3. Cavis and Gandar are godawful, irritating beyond belief. It's not that Paul Cornell can't do decent villains, but as the years went by they've become ever more camp. They're like the Aubertides from Human Nature, but worse. I suppose they might have been more interesting had they been antagonists rather than backstage manipulators, but as things stand they're just violent and annoying.
There are good things in here, I suppose. I like the idea of Silurian faeries. But the typos are really distracting, the kind of thing you get if a spellchecker runs amok without anyone checking its corrections.

Okay, that's enough slagging off. We'll now proceed to Acts Two and Three, which I'm glad to say are much, much better. As if by magic, the story becomes immeasurably better once some trouble's under way and our heroes become part of the solution instead of the problem. The Doctor gets some good scenes and the Brigadier gets some great ones. Paul Cornell has given us some fabulous heroes' stories - the Doctor in Timewyrm: Revelation and Human Nature, Ace in Love and War - but I think this is probably his finest. If it wasn't for Act One, Shadows of Avalon would be close to being his best book. (It also justifies the existence of all that daft Brigadier stuff in Happy Endings.)

But don't mention that bollocks about Gandar in the epilogue. We're supposed to coo and go ahhhhhhhhhh about the annoying little fucker, are we? Get outta here.

But even with that, Acts Two and Three are still terrific. Act Two is exciting and moving, but then Act Three tops it with some astonishing plot twists. If you saw those coming, let me be the first to welcome you to planet Earth.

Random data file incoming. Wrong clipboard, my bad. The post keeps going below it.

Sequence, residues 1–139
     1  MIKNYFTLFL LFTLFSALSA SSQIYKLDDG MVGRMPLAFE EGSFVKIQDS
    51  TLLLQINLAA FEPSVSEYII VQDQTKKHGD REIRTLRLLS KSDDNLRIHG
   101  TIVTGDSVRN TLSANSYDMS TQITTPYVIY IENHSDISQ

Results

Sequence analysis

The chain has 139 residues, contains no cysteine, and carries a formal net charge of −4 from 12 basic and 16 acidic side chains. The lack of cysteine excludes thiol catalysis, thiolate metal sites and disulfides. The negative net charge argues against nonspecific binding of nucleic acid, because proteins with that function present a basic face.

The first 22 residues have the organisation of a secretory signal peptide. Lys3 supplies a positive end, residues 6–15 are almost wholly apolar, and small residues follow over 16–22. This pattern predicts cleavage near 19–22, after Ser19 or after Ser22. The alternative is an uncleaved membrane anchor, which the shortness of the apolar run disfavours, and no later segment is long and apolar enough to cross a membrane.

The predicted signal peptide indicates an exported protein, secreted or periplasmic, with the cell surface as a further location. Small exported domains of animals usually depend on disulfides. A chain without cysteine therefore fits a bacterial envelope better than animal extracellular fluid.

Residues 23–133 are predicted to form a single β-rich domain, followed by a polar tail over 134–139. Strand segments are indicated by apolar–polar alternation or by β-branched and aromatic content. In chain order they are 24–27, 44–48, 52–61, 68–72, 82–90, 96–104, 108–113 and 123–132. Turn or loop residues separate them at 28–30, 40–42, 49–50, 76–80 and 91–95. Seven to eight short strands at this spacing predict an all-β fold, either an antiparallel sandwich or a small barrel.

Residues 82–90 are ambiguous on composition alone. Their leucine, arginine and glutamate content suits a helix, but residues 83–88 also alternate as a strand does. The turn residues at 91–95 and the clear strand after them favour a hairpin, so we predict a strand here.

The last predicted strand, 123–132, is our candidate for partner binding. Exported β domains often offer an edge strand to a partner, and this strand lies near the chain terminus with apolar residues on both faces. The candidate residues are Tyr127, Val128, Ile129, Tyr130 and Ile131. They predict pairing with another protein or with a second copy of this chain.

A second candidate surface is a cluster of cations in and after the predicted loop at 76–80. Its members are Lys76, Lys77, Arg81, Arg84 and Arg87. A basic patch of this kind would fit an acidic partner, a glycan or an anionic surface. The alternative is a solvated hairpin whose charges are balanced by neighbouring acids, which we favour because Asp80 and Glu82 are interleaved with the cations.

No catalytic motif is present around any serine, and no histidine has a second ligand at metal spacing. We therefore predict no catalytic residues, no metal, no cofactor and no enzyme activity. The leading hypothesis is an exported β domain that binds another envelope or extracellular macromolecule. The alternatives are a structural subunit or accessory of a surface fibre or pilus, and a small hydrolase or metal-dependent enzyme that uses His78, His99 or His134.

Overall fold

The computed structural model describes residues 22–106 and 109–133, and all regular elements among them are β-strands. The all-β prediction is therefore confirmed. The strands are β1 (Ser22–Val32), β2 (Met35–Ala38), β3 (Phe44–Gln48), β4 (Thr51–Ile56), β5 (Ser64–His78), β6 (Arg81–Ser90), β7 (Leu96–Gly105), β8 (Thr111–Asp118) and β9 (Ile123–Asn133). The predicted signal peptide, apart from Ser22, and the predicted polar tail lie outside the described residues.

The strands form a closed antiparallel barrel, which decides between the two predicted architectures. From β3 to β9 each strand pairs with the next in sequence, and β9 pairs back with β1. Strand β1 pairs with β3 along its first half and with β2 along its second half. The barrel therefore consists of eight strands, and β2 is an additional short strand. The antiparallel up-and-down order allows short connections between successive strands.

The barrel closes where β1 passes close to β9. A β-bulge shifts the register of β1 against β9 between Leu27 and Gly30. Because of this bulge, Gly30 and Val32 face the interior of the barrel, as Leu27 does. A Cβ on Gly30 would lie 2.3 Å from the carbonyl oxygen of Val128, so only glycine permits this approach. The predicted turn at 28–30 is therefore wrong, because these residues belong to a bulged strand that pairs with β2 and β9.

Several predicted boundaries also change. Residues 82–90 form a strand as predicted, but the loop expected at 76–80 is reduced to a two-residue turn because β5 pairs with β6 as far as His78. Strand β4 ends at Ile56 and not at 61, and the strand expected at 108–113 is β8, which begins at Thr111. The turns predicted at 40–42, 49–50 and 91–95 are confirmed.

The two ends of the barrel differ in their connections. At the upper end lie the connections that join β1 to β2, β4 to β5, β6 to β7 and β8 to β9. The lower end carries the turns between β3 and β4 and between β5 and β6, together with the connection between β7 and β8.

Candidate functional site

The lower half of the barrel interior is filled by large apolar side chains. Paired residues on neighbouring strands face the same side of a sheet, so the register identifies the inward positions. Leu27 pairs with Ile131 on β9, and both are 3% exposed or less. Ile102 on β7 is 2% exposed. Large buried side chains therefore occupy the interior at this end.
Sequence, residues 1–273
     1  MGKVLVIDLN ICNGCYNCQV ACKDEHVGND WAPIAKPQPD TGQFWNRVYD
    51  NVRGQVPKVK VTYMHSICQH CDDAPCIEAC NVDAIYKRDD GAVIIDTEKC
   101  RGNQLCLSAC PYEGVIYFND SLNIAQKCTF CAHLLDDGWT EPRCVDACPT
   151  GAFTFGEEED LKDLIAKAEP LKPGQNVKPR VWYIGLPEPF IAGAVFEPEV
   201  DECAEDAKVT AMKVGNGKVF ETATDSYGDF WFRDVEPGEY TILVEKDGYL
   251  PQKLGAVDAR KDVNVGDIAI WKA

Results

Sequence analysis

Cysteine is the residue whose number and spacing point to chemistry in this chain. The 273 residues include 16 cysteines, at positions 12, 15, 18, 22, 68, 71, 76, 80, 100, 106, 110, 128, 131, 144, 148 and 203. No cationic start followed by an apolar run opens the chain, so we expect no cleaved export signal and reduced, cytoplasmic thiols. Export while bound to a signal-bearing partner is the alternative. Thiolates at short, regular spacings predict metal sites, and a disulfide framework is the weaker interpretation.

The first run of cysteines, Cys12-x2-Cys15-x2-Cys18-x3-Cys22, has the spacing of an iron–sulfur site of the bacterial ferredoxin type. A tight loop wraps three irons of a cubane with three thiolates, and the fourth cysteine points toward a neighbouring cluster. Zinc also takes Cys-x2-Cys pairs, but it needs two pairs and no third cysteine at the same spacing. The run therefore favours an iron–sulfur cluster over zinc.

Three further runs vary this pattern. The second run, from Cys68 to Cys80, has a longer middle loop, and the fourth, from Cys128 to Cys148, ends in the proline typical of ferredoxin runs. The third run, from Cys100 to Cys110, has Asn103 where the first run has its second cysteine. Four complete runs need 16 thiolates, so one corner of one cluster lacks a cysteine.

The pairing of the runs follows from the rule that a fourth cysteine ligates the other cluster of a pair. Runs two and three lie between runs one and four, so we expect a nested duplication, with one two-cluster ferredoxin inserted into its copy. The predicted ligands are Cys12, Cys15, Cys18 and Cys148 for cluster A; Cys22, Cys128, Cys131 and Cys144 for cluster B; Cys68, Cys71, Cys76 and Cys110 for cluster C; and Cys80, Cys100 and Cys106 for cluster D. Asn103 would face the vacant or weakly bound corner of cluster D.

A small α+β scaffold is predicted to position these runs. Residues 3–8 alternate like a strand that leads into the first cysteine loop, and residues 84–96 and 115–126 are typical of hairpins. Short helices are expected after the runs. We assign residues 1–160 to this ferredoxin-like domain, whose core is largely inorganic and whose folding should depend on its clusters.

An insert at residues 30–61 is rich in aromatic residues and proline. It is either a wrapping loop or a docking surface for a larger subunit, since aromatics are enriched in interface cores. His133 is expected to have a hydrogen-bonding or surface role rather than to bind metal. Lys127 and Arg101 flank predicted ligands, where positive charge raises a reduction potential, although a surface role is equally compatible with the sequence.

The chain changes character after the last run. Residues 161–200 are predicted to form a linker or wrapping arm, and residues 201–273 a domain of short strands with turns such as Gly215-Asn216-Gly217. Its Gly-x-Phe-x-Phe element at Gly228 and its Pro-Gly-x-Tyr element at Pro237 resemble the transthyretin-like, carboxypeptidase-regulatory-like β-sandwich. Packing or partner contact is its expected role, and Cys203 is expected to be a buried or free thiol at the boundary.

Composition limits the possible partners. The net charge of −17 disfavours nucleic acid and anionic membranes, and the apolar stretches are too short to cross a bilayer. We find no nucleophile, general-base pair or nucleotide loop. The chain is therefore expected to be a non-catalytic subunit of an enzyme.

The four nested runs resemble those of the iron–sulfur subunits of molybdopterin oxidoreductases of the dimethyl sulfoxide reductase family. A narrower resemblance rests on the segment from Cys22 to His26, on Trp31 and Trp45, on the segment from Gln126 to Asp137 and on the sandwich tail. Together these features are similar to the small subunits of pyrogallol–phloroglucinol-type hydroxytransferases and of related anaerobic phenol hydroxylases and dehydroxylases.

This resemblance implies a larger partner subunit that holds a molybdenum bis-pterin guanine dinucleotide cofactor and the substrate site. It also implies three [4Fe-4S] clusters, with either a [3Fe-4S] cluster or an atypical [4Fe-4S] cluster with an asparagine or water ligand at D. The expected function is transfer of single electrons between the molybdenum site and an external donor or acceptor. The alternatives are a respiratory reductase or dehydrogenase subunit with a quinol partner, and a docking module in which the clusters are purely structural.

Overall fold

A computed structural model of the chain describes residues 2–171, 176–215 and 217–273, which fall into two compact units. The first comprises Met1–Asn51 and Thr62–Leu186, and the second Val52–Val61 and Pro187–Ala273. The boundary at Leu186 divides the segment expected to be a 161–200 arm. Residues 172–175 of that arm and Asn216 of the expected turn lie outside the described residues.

This book is both dreadful and amazing. Just remember where the changeover comes, grit your teeth up until then and hold on to your hat. Once Paul hits his stride, Shadows of Avalon becomes more than merely "good". The best bits of this are something special.

A Review by Mike Morris 14/3/00

Hmm... this is going to be a difficult one to review without spoilers, because there really are an awful lot of surprising twists and turns in the plot. I don't mean Justin Richards-style, hah you-never-saw-that-one-coming twists; it's not that type of book. It's more character based, and it's about (amongst other things) characters arriving at cathartic moments in their lives. To give any of this away would really ruin the book.


Romana's in it, a bit. She's not the Romana we remember.

The Brigadier's in it, a lot. He's not the Brigadier we remember.

A lot of it's based in a dream world. Literally. It's a dream world of magic, Celtic mythology, and liberal dosings of liberal science just to make it plausible. It's beautifully described, of course, and the community is perfectly evoked. We've got warriors (proper ones, with swords and stuff), mages, Fair Folk and faeries. We've got the Doctor and the Brigadier catapulted into a world of magic, swords and sorcery.

Does it work? Yes, yes, yes. In fact, it's such a damn good idea that I wonder why no-one ever thought of it before. Avalon is a beautiful, mythical backdrop to the unfolding events, perfectly drawn and evoked. Lots and lots of stuff happens, so it's difficult to generalise what this book's about. The plot, basically, is about two Gallifreyan agents wreaking havoc in the kingdom. There's some interesting SF ideas, and the whole thing hangs together pretty well. And then the rest is about characters.